• The moment of the game that is most frequently referenced by people who love the game is the scene in the police station when Ethan is being questioned by the police. A couple chapters previous to this scene, you control Ethan as he attempts to play with his son at a park. At the end of that sequence, Ethan blacks out and ends up a few blocks away, holding a piece of Origami. He runs back to the park, but he can't find his son. The next chapter after that, you're playing the FBI Agent as he researches the Origami killer at a police station. As that chapter ends, the camera pans over to a desk and you see Ethan being questioned by the police. They ask you simple questions: What time were you at the park? What was your son wearing? And so on. It's very unnerving. The way the game handles such moments is to put up a few possible responses (associated with various buttons), but they're not just floating around you as normal. When you're in high pressure situations like this, they become wobbly and hard to read. It makes what is already a tense situation almost unbearable. It's a really effective tactic, and this was one of the best parts of the game.
  • Of course, Ethan's blackout is also one of my biggest complaints with the story. In short, it makes no sense. There's no real reason for the blackouts, and the origami figure that's in his hand is only there to mislead the person playing the game. The writers attempt to make it a red herring, but it's a lazy and manipulative one because there's no real explanation that would make any sense here.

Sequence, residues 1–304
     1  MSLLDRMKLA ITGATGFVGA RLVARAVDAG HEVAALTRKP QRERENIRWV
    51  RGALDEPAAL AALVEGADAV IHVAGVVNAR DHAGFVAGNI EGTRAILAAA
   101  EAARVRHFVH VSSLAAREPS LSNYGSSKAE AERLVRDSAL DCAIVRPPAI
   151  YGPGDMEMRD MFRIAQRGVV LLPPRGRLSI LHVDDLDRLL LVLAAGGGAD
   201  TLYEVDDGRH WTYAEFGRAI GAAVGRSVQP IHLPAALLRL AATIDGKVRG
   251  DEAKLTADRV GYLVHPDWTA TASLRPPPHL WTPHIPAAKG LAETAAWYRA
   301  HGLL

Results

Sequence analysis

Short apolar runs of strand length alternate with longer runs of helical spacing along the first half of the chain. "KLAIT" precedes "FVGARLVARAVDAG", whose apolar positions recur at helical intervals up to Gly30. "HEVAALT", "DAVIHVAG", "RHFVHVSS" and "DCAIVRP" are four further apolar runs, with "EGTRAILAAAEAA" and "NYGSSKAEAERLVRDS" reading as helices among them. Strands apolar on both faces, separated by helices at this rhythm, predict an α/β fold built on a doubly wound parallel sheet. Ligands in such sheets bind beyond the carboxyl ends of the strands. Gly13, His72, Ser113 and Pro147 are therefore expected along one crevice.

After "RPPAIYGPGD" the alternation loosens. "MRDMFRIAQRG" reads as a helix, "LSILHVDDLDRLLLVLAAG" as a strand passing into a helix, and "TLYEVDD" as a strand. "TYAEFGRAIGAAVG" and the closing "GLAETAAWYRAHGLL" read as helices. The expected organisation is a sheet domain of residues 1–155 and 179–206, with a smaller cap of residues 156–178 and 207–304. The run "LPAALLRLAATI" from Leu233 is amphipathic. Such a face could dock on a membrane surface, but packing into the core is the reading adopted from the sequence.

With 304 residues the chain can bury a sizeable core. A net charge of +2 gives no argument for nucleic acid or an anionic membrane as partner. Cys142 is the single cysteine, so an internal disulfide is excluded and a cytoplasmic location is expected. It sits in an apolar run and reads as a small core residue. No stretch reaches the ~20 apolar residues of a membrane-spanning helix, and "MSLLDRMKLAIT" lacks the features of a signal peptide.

• Speaking of the killer, it turns out that the killer is always the same character, no matter how you play the game. On the one hand, I think this is a missed opportunity. There are a number of red herrings strewn throughout the game (some more successful than the aforementioned blackouts), but the game doesn't really follow through on any of them. Now, I liked when the killer was revealed in the game and everything, but it would have been really interesting if the game adapted and chose a different character as the killer depending on your actions. I realize this is probably unrealistic in terms of time and budget for a game like this though, and one thing I will say is that playing the game once really does imply a greater flexibility in the game than is really there. So while playing the game for the first time, you don't know enough about what's going to happen to say what impact your actions had on the story. My assumption during that first playthrough was that almost everything was important. After replaying the game, I saw how limited the game was. When I first played through the game, I thought that maybe I had seen 40-60% of the content in the game. It turns out that it was more like 80%, and even then, the story had basically the same trajectory.